The mystery of the Roman Well

During your Belgrade tour, the Kalemegdan fortress is one of the sites that should not be missed for many reasons. Kalemegdan fortress represents the original city of Belgrade and its history goes back to 4th century BC. There are many interesting sites, from different time periods that you can visit when strolling through Kalemegdan.

There is one of the sites with a long cruel history and an eerie atmosphere, located on the fortress ground. So here we would like to tell you a story about the Roman Well.

When the Alfred Hitchcock the cinematic genius, visited Belgrade in 1964, he was particularly pleased, as he explained to the hosts and curious journalists, with his visit to the Roman Well at Kalemegdan. The famous director said at the time that such an environment has always been a real treat for him because of the eerie atmosphere like the one he creates in his moves. He was right, because this place is in many ways made ​​out of the unusual cruel history. It was the site where the movie “Love affair, or the case of the missing switchboard operator” by famous director Dusan Makavejev was filmed.

Belgrade tour, peek inside the Roman Well

Anyone who wants to feel the strange and cold winds that flow from the capital’s underground, should certainly go down the 212 steps to the water level, a few dozen meters underground. The staircase comprises of two spiral hallways that are wrapped around the well down to the water level. One case of the stairs is used for the decent to the water level, and the other set of the stairs is used for going up to the ground level. Today, there is the large metal door at the entrance, and behind the door there is the corridor that is about twenty meters long, which leads to the well shaft, that is surrounded with the security metal fence.

The well's total depth is 60.15 meters with a diameter of 3.40 meters. Thus, to a depth of 53.15 meters, where is tapered to a diameter of about two meters.

Officially, the construction of the well was completed during the Austrian rule of Belgrade, between 1717 and 1739, when they significantly changed the appearance of the former Turkish settlement on this location. The well was completed in 1731, and according to some interpretations, it was named “Rimsk bunar” (Roman well) because of the Austrian ambition to be the successor of the Roman Empire.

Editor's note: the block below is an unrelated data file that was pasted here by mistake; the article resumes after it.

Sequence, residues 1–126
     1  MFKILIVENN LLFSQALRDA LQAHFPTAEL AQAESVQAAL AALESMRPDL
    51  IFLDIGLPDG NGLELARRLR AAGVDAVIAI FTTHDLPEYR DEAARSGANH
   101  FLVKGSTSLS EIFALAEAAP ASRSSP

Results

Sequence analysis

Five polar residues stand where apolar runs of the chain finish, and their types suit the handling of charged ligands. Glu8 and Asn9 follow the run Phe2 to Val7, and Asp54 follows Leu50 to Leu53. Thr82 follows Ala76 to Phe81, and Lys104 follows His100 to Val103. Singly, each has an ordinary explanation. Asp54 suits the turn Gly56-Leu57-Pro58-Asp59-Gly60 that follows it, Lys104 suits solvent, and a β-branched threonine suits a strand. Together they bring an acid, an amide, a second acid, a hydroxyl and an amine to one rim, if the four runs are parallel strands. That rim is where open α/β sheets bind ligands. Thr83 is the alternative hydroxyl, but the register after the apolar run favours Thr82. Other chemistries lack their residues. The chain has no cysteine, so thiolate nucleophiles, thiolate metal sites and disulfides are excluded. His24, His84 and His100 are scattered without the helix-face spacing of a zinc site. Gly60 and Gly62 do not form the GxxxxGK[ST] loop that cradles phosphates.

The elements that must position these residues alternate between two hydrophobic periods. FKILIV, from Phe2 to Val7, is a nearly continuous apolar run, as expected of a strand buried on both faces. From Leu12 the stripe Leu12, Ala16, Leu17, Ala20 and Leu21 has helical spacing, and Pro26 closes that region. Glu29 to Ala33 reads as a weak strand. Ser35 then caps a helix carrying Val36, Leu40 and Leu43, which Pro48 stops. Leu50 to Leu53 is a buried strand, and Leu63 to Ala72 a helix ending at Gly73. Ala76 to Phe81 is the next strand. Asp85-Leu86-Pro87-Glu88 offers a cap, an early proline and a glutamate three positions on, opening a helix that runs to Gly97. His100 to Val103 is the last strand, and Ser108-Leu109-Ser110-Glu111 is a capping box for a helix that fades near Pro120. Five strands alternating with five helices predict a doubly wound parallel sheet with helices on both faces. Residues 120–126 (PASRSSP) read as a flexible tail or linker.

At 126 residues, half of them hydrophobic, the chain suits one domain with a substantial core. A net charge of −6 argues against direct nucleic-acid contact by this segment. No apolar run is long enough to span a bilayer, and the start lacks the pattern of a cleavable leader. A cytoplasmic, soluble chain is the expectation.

But many scientists disagree with the fact that the Austrians have built the well. On the site of today's Kalemegdan was a Roman fortress “Kastrum” 2000 years ago, where water was conducted to the fortress from the distant water sources. Since the Romans were experienced strategists and skilled builders, it was logical that they will try to dig a well, so the soldiers would be equipped with water in case of siege when the enemy could cut the water supply. According to this version, they started digging on the site of today’s well, but despite great effort, failed to find water. The hard limestone rock was the obstacle to extending the well by digging tunnels towards the river. Many historians mention the well served as a grain tank for some time, and for later as a dungeon.

The other fact that supports the other version is that the roman well was mentioned in many written documents in the 14th century Serbia, during the reign of Despot Stefan Lazaravic. Even after him, at the second half of the 15th century there is a written document about the most brutal executions that Belgrade remembers that happened in this place. In 1494, Belgrade was the most important Hungarian, but also the Christian stronghold against the Turks, so the story goes that in the war with the Turks where the Austro-Hungarians barely managed to defend themselves and during one of the battles they have captured 37 Turkish prisoners. They were punished in the cruelest of ways. They were lowered with the ropes to the bottom of the well that was dry at the time. Then they were left to starve until they completely lost their minds when the guards threw them knife’s to kill each other. They’ve started to eat each other’s corpses until the last one of them died in agony.

But there is a peculiar ending to this we can say “horror” story. The new form of life had developed in the crystal clear waters of the well. It is an amphipod (niphargus minor sket), a miniature creature of about 5 millimeters that exists in Serbia only in this well.

The Roman Well is more some kind of a cistern then the well, because the water is collected from the surface of the upper plateau and it interflows through the porous soil and accumulates in the well.

Roman Well looks exactly the same like in 1723, it was never properly restored and brought to safety codes, it is not safe. It was closed public for the last couple of decades.